At the church we found that a large crowd had gathered. Every foot of room was occupied, even the aisles being filled, and I was told that some were unable to find entrance to the building. Among those present were a large number not of our faith. 22LtMs, Lt 186, 1907, par. 10

I presented the importance of obedience to the commandments of God, dwelling upon the instruction given in connection with the proclamation of the law from Mt. Sinai. Never before had these Scriptures appealed to me so forcibly. I spoke for a full hour, and the interest was marked throughout. As I felt my voice weakening, I paused to send a prayer to heaven for help. Then the power of the Holy Spirit strengthened me, and I knew that angels of God were by my side. At the last I became somewhat hoarse, but I felt very thankful that the Lord had permitted me to speak so long and so distinctly. 22LtMs, Lt 186, 1907, par. 11

After this service we went out to Glendale, six miles from Los Angeles. There I rested until Wednesday night, when we took the cars for Merced, where the camp-meeting for the California-Nevada Conference was to be held. Our train left Los Angeles at 11:30. I was very weary, but was unable to sleep very much during the night. It was a clear, moonlight night, and from my berth I could look out of the window and see that we were passing through a very lonely desert. 22LtMs, Lt 186, 1907, par. 12

We arrived at Merced a little after noon the next day. I spoke in the large tent Sabbath and Sunday to the people assembled there. This camp-meeting is the first effort our people have put forth in this city, and I felt my heart drawn out to this people. We had a very good attendance from the outside public. Nearly all the ministers and several leading men have attended the evening meetings. We hope that a company of believers may be raised up as the result of this camp-meeting, and the tent meetings that are to follow. 22LtMs, Lt 186, 1907, par. 13

I am now at home again, and trying to rest again after the strain of the past six weeks. I do not regret having made this journey; for the Lord has given me strength to bear testimony to His people in every place I have visited. I do not know how long I shall be permitted to remain at home. We need to realize more than we do the importance of encouraging one another in the work. We are to “lift up the hands that hang down.” [Hebrews 12:12.] While God does not want us to move from impulse, He is not glorified when we stand still. He desires that we shall make steady advancement, step by step, helping and encouraging one another in the work. 22LtMs, Lt 186, 1907, par. 14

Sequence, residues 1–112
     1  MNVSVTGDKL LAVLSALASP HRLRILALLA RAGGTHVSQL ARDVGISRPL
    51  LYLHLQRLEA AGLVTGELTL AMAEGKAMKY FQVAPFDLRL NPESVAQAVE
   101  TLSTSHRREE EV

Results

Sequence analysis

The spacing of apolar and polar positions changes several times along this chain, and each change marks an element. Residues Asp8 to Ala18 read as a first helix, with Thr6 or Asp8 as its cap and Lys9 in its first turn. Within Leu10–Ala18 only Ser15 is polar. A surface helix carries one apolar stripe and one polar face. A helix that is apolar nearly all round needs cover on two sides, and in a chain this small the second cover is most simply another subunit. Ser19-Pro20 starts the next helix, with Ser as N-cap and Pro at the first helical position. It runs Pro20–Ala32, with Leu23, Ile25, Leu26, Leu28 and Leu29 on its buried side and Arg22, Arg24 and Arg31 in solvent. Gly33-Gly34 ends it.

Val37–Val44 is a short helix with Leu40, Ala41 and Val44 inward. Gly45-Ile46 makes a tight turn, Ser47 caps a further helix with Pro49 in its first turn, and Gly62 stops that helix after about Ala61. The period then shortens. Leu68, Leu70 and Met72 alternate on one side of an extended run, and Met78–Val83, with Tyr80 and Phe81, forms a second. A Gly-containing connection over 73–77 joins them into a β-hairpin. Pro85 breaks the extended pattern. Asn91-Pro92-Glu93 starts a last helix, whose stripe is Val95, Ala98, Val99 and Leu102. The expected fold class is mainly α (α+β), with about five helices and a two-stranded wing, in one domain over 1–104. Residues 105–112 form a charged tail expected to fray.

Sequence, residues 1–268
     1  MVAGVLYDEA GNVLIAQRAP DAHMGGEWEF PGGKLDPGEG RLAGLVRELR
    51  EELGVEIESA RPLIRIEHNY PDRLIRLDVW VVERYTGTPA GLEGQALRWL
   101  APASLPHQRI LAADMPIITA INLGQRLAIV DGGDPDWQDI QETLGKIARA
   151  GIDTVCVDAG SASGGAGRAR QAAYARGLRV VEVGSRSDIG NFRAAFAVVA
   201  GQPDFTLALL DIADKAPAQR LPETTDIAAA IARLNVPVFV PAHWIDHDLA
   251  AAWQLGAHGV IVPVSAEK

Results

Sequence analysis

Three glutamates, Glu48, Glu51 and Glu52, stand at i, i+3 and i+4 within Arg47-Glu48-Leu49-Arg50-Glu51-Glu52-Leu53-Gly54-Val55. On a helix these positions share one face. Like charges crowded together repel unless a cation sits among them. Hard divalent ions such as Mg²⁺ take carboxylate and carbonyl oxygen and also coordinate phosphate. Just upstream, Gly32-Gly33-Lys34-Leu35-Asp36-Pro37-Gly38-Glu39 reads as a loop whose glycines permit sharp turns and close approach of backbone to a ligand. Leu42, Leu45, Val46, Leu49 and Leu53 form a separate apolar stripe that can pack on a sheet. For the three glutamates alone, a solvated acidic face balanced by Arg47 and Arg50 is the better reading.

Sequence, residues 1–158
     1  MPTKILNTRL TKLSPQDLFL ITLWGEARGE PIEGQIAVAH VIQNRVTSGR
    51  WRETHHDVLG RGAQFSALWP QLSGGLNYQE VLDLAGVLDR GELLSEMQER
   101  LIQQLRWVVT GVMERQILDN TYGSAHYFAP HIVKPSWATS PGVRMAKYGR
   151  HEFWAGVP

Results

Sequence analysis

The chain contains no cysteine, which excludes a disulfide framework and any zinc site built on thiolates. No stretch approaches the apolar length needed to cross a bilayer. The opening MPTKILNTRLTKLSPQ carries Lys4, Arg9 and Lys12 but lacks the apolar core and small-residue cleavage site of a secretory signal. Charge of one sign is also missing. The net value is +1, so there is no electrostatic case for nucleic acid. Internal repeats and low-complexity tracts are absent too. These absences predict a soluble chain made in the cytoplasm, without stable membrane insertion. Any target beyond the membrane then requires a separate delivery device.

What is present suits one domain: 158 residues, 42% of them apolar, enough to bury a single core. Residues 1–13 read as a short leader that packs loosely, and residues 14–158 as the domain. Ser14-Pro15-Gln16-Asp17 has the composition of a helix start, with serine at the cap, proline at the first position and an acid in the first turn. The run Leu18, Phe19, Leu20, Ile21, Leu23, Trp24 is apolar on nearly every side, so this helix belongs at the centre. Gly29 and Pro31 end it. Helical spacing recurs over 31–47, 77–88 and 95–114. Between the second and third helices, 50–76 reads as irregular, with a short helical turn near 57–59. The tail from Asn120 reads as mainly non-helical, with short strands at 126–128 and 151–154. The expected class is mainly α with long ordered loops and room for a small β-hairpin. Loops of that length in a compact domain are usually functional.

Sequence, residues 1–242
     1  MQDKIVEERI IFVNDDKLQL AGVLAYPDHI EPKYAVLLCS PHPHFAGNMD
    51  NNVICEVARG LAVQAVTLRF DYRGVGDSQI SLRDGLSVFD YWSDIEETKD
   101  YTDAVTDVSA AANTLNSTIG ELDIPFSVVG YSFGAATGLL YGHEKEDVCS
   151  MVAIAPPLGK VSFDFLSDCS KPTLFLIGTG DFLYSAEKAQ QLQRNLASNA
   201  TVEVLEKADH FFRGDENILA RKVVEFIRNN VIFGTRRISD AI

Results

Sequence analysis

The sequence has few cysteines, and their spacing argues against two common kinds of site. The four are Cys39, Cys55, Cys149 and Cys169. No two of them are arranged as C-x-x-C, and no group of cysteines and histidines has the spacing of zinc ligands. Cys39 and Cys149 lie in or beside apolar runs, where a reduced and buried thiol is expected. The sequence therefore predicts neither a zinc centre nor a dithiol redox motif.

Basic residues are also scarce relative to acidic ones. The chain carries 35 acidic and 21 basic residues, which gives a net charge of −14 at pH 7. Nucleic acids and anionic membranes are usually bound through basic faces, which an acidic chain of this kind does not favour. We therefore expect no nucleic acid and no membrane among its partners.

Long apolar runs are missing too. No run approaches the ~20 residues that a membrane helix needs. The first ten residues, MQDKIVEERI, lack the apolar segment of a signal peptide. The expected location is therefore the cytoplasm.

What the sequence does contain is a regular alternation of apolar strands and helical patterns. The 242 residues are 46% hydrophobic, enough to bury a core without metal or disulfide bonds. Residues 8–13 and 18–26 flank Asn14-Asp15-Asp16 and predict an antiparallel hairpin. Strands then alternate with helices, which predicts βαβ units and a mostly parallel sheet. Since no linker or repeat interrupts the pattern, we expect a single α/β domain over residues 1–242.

We feel very thankful that our people have responded so nobly to the calls made for means. We still pray for help, and we believe that our people will keep their hearts open to the needs of the cause. 22LtMs, Lt 186, 1907, par. 15

My brother, let us work in harmony. If you have reason to believe that any brother or sister is losing heart, and is failing to put forth disinterested efforts to sustain the cause of God, help that one with cheerful, encouraging words. Let no discouraging words fall from your lips. Individually we are preparing for the kingdom of heaven. We are to be overcomers by the blood of the Lamb and by the word of our testimony. We are to grow more and more heavenly minded. All who believe in Jesus have to battle with satanic agencies. Let us renew our covenant with God by continual fulfilment of His Word. 22LtMs, Lt 186, 1907, par. 16

Our lives are being spared that we may be fitted for the future immortal life. There must be ever less of self and more of Christ. Our example is to reveal our faith in Christ. We are ever to be doers of His Word. Our truest worship of God will be given in a life of devotion to His will. Preaching, praying, and singing will take their proper place when we are doers of God’s will. 22LtMs, Lt 186, 1907, par. 17

I have been shown the experience it is our privilege to have if we will cherish a belief in the love, the mercy, and the compassionate works of Christ. It is our privilege to grow in grace continually. If we would become partakers of the divine nature, we must follow on to know the Lord; we must worship Him in spirit and in truth and in the beauty of holiness. Our feet must follow in the footsteps of our Leader. In faith, in love, in meekness, we are to grow to the full stature of men and women in Christ Jesus. Patterning after His self-denial and self-sacrifice, believing in God and referencing His Word, we are to grow in faith and love with all who with us are striving to overcome through the blood of the Lamb and the word of their testimony. 22LtMs, Lt 186, 1907, par. 18